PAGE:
Of medications, many anti-hypertensive medications alter serum HDL levels. Diuretics cause an increase in all cholesterol and triglycerides proportionate to the dose. This effect is more pronounced in African Americans. The one exception is the reduction of HDL in diabetics on diuretics. Beta-blockers cause a decrease in HDL secondary to increased triglycerides. Cardioselective beta-blockers, especially in diabetics, have a smaller increasing effect on triglycerides. Alpha-blockers have an opposite effect compared to beta-blockers resulting in decreased triglycerides and increased HDL. HDL and other cholesterol are decreased with central sympathomimetics. Vasodilators increase HDL while reducing LDL and total cholesterol.
Myocardial infarction, according to data from Framingham heart study, increases by about 25% for every 5 mg/dL decrease in HDL cholesterol serum levels below median values. Studies since have found that a low level of HDL cholesterol, once other known risk factors have been adjusted for, is an independent risk predictor. In patients with established cardiovascular disease, follow-up studies found that HDL cholesterol is protective for future events while being treated with statin therapy, as evidenced in the SMART study.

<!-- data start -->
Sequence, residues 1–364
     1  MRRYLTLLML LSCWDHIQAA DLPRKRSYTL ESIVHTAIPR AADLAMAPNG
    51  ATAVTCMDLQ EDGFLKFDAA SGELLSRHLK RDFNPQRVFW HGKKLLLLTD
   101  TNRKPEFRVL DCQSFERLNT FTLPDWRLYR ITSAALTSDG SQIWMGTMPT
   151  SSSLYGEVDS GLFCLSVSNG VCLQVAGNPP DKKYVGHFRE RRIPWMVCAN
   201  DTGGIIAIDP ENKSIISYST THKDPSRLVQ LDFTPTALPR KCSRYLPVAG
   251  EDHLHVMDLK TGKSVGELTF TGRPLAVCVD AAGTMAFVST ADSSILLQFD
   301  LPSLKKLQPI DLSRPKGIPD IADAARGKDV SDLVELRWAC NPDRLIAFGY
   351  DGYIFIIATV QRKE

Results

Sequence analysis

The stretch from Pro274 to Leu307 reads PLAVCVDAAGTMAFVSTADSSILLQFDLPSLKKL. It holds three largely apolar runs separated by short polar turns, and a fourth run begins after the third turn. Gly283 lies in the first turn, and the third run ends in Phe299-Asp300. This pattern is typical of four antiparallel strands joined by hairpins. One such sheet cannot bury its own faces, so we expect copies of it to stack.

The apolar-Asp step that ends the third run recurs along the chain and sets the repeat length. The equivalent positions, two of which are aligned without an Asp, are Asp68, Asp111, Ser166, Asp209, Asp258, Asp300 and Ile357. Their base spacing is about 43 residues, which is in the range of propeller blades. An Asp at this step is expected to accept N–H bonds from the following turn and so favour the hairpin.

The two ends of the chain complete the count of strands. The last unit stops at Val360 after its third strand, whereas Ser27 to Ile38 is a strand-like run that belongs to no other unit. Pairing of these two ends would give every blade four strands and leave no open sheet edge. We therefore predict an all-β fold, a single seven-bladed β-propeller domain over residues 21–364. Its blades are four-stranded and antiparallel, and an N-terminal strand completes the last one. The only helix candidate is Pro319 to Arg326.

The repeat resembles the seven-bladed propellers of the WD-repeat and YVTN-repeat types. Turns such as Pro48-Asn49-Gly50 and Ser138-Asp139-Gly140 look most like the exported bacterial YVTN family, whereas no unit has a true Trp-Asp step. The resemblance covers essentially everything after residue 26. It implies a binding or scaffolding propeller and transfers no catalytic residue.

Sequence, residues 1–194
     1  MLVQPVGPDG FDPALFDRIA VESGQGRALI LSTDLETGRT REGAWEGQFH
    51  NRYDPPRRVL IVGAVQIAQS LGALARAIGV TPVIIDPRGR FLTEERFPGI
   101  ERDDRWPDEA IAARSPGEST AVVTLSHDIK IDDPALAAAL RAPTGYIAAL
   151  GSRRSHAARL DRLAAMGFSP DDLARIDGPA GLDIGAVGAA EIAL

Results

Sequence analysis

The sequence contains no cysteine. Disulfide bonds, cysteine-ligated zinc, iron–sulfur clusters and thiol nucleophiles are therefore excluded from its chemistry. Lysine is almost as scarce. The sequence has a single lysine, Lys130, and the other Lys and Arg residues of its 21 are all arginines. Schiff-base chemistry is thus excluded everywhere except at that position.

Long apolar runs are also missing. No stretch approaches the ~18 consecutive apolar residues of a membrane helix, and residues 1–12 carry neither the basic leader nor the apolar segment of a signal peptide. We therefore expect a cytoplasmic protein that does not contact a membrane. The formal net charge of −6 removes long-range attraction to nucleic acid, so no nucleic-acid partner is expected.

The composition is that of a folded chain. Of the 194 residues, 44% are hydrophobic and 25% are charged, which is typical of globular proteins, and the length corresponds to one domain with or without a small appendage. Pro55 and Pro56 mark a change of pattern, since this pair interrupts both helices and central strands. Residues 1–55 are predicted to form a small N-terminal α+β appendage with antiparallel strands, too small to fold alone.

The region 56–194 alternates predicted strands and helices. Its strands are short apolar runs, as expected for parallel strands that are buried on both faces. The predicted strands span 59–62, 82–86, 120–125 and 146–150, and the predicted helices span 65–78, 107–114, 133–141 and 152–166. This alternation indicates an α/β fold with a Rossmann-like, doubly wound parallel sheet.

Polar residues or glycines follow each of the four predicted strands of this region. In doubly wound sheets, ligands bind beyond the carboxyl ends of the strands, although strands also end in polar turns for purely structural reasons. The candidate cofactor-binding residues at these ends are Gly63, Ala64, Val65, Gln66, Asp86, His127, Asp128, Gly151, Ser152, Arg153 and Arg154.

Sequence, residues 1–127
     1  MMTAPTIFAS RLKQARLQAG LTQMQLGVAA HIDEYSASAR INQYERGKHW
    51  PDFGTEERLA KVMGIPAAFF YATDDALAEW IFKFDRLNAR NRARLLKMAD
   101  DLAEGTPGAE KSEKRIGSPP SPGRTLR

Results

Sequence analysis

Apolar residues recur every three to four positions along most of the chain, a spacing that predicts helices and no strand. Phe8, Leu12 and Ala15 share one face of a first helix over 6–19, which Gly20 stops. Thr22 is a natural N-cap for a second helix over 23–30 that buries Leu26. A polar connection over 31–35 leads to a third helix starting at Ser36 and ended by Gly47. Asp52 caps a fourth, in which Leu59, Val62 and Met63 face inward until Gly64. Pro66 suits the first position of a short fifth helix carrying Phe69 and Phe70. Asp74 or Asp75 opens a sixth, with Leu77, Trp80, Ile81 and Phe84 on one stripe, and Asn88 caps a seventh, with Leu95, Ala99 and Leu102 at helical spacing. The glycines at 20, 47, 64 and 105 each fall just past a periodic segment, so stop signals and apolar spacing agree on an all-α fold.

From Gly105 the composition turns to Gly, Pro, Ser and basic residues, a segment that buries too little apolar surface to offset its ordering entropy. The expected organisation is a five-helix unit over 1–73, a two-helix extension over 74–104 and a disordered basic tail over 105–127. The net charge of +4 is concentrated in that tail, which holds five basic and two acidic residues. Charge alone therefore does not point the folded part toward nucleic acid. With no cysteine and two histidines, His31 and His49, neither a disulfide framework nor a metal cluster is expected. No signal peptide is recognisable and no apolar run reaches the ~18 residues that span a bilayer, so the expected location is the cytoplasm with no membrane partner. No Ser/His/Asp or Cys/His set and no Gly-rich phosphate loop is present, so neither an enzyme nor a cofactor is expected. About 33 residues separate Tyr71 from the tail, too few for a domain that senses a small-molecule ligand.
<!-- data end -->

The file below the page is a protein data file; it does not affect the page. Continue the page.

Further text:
Elevation of HDL cholesterol without a substantial increase in HDL particle can result in cholesterol overloaded HDL particles, which in one community-based cohort study showed an increased progression towards carotid atherosclerosis as measured by carotid intimal medial thickening in asymptomatic patients with no underlying atherosclerotic disease. CETP inhibitors and niacin both raise HDLC levels without having any effect on HDL function or number of particles and therefore tend to increase cholesterol overloaded particles.
As discussed previously, a healthy diet is recommended in the treatment of low HDL. The Mediterranean diet in observational studies has shown a decrease in cardiovascular and overall mortality. In a meta-analysis of the PREDIMED trial, no reduction in cardiovascular or overall mortality was observed. It is important to counsel patients on the types of fat they consume as these affect their HDL levels. A meta-analysis of randomized controlled feeding studies compared fat sources by replacing just 1% of energy consumption, trans fatty acids in place of saturated fats, monounsaturated fats, or polyunsaturated fats, respectively, increased the ratio of total cholesterol to HDL by 0.31, 0.54 and 0.67; apolipoprotein (Apo)-B/ApoAI ratio was increased by 0.007, 0.010 and 0.011; and increased lipoprotein (Lp)(a) by 3.76, 1.39 and 1.11 mg/L.